Cover of: Good faith collaboration | Joseph Michael Reagle
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Last edited by Clean Up Bot
July 16, 2019 | History
An edition of Good faith collaboration (2010)

Good faith collaboration

the culture of Wikipedia

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This edition published in by MIT Press in Cambridge, Mass.

Written in English

Wikipedia, the online encyclopedia, is built by a community—a community of Wikipedians who are expected to "assume good faith" when interacting with one another. In Good Faith Collaboration, Joseph Reagle examines this unique collaborative culture.

Wikipedia, says Reagle, is not the first effort to create a freely shared, universal encyclopedia; its early twentieth-century ancestors include Paul Otlet's Universal Repository and H. G. Wells's proposal for a World Brain. Both these projects, like Wikipedia, were fuelled by new technology—which at the time included index cards and microfilm. What distinguishes Wikipedia from these and other more recent ventures is Wikipedia's good-faith collaborative culture, as seen not only in the writing and editing of articles but also in their discussion pages and edit histories. Keeping an open perspective on both knowledge claims and other contributors, Reagle argues, creates an extraordinary collaborative potential.

Wikipedia is famously an encyclopedia "anyone can edit," and Reagle examines Wikipedia's openness and several challenges to it: technical features that limit vandalism to articles; private actions to mitigate potential legal problems; and Wikipedia's own internal bureaucratization. He explores Wikipedia's process of consensus (reviewing a dispute over naming articles on television shows) and examines the way leadership and authority work in an open-content community.

Wikipedia's style of collaborative production has been imitated, analyzed, and satirized. Despite the social unease over its implications for individual autonomy, institutional authority, and the character (and quality) of cultural products, Wikipedia's good-faith collaborative culture has brought us closer than ever to a realization of the century-old pursuit of a universal encyclopedia.

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Good faith collaboration First published in 2010



Work Description

Wikipedia, the online encyclopedia, is built by a community—a community of Wikipedians who are expected to "assume good faith" when interacting with one another. In Good Faith Collaboration, Joseph Reagle examines this unique collaborative culture.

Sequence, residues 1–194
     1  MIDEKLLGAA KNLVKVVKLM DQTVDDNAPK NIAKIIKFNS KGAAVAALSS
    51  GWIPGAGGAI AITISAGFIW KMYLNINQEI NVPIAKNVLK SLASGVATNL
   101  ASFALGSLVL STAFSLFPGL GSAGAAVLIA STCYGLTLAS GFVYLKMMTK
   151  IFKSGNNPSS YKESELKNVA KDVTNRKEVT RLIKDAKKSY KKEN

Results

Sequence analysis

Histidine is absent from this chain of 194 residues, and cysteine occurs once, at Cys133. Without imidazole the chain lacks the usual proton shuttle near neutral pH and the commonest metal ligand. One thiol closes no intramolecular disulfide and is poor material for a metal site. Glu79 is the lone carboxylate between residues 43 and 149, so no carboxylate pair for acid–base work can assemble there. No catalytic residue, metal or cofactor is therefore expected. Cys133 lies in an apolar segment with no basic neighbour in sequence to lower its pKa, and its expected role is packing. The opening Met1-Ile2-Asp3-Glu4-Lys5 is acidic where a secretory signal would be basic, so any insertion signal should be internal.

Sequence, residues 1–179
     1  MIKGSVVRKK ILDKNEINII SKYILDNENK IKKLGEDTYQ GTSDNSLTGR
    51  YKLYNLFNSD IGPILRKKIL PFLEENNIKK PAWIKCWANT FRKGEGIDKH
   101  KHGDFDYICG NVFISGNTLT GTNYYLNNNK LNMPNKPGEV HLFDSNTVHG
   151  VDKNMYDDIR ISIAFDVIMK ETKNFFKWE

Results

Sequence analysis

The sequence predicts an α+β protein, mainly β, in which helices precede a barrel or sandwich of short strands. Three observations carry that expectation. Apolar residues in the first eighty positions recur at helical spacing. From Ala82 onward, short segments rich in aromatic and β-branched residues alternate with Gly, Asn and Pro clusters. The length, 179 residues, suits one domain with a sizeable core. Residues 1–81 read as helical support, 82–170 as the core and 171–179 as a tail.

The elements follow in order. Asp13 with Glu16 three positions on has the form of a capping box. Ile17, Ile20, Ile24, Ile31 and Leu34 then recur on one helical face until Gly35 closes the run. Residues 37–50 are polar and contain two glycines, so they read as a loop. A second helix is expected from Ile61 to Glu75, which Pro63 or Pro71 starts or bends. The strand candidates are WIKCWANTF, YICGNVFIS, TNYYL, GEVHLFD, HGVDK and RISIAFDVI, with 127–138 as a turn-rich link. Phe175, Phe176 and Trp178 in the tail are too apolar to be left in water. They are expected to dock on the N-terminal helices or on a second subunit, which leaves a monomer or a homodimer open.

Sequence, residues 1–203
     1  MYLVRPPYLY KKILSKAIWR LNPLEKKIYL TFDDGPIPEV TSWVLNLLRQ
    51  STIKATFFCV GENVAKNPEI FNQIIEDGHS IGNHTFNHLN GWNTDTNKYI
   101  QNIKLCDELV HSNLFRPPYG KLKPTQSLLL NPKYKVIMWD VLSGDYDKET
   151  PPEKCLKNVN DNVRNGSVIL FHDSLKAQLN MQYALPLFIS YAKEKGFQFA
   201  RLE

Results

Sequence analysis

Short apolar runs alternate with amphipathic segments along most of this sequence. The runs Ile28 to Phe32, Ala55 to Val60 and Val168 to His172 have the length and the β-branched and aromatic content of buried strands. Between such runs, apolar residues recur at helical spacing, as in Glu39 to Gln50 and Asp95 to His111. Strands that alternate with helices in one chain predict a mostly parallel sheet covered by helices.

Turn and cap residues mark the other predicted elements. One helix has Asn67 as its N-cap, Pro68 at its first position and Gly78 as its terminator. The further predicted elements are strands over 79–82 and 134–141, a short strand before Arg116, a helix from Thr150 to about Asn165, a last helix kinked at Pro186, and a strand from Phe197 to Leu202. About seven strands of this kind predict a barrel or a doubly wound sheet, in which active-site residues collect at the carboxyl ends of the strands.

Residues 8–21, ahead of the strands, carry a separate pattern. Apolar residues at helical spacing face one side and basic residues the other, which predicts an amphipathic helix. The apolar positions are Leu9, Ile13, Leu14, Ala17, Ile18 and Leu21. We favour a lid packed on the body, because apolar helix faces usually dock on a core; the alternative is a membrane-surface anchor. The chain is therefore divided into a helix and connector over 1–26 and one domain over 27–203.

Wikipedia, says Reagle, is not the first effort to create a freely shared, universal encyclopedia; its early twentieth-century ancestors include Paul Otlet's Universal Repository and H. G. Wells's proposal for a World Brain. Both these projects, like Wikipedia, were fuelled by new technology—which at the time included index cards and microfilm. What distinguishes Wikipedia from these and other more recent ventures is Wikipedia's good-faith collaborative culture, as seen not only in the writing and editing of articles but also in their discussion pages and edit histories. Keeping an open perspective on both knowledge claims and other contributors, Reagle argues, creates an extraordinary collaborative potential.

Wikipedia is famously an encyclopedia "anyone can edit," and Reagle examines Wikipedia's openness and several challenges to it: technical features that limit vandalism to articles; private actions to mitigate potential legal problems; and Wikipedia's own internal bureaucratization. He explores Wikipedia's process of consensus (reviewing a dispute over naming articles on television shows) and examines the way leadership and authority work in an open-content community.

Wikipedia's style of collaborative production has been imitated, analyzed, and satirized. Despite the social unease over its implications for individual autonomy, institutional authority, and the character (and quality) of cultural products, Wikipedia's good-faith collaborative culture has brought us closer than ever to a realization of the century-old pursuit of a universal encyclopedia.

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Table of Contents

Nazis and norms
The pursuit of the universal encyclopedia
Good faith collaboration
The puzzle of openness
The challenges of consensus
The benevolent dictator
Encyclopedic anxiety
Conclusion : a globe in accord.

Edition Notes

Includes bibliographical references and index.

Series
History and foundations of information science
Genre
Case studies

Classifications

Dewey Decimal Class
030
Library of Congress
AE100 .R43 2010

The Physical Object

Pagination
p. cm.

ID Numbers

Open Library
OL24002674M
Internet Archive
goodfaithcollabo00jrjo
ISBN 13
9780262014472
LC Control Number
2009052779
OCLC/WorldCat
496282188

Lists containing this Book

History

Download catalog record: RDF / JSON / OPDS | Wikipedia citation
July 16, 2019 Edited by Clean Up Bot import existing book
July 29, 2014 Edited by ImportBot import new book
April 6, 2014 Edited by ImportBot Added IA ID.
April 30, 2012 Edited by Marguerite Avery Added new cover
January 21, 2010 Created by ImportBot Imported from Library of Congress MARC record.